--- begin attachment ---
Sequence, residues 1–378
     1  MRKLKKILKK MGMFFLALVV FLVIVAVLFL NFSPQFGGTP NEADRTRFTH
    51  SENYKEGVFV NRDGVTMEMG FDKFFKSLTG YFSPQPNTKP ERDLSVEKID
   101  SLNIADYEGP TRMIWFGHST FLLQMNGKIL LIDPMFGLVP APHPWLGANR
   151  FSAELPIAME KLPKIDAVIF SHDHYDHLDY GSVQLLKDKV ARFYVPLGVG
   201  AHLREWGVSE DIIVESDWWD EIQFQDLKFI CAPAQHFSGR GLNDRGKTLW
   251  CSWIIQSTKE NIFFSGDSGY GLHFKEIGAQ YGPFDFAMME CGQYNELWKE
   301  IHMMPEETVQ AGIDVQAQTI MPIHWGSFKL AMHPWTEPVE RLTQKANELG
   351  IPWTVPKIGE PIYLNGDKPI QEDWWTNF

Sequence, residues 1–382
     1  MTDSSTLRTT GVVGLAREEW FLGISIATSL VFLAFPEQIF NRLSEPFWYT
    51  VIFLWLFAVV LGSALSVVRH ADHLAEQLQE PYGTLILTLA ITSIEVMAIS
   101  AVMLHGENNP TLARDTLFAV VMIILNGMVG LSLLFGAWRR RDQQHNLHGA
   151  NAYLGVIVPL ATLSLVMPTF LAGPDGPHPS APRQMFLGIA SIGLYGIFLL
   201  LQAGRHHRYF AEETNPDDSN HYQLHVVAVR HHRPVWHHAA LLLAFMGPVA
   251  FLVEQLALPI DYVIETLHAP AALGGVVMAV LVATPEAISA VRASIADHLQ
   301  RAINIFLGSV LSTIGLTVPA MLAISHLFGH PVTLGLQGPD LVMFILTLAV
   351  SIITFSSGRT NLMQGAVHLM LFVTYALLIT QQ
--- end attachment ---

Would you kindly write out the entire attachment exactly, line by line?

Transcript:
Sequence, residues 1–378
     1  MRKLKKILKK MGMFFLALVV FLVIVAVLFL NFSPQFGGTP NEADRTRFTH
    51  SENYKEGVFV NRDGVTMEMG FDKFFKSLTG YFSPQPNTKP ERDLSVEKID
   101  SLNIADYEGP TRMIWFGHST FLLQMNGKIL LIDPMFGLVP APHPWLGANR
   151  FSAELPIAME KLPKIDAVIF SHDHYDHLDY GSVQLLKDKV ARFYVPLGVG
   201  AHLREWGVSE DIIVESDWWD EIQFQDLKFI CAPAQHFSGR GLNDRGKTLW
   251  CSWIIQSTKE NIFFSGDSGY GLHFKEIGAQ YGPFDFAMME CGQYNELWKE
   301  IHMMPEETVQ AGIDVQAQTI MPIHWGSFKL AMHPWTEPVE RLTQKANELG
   351  IPWTVPKIGE PIYLNGDKPI QEDWWTNF

Sequence, residues 1–382
     1  MTDSSTLRTT GVVGLAREEW FLGISIATSL VFLAFPEQIF NRLSEPFWYT
    51  VIFLWLFAVV LGSALSVVRH ADHLAEQLQE PYGTLILTLA ITSIEVMAIS
   101  AVMLHGENNP TLARDTLFAV VMIILNGMVG LSLLFGAWRR RDQQHNLHGA
   151  NAYLGVIVPL ATLSLVMPTF LAGPDGPHPS APRQMFLGIA SIGLYGIFLL
   201  LQAGRHHRYF AEETNPDDSN HYQLHVVAVR HHRPVWHHAA LLLAFMGPVA
   251  FLVEQLALPI DYVIETLHAP AALGGVVMAV LVATPEAISA VRASIADHLQ
   301  RAINIFLGSV LSTIGLTVPA MLAISHLFGH PVTLGLQGPD LVMFILTLAV
   351  SIITFSSGRT NLMQGAVHLM LFVTYALLIT QQ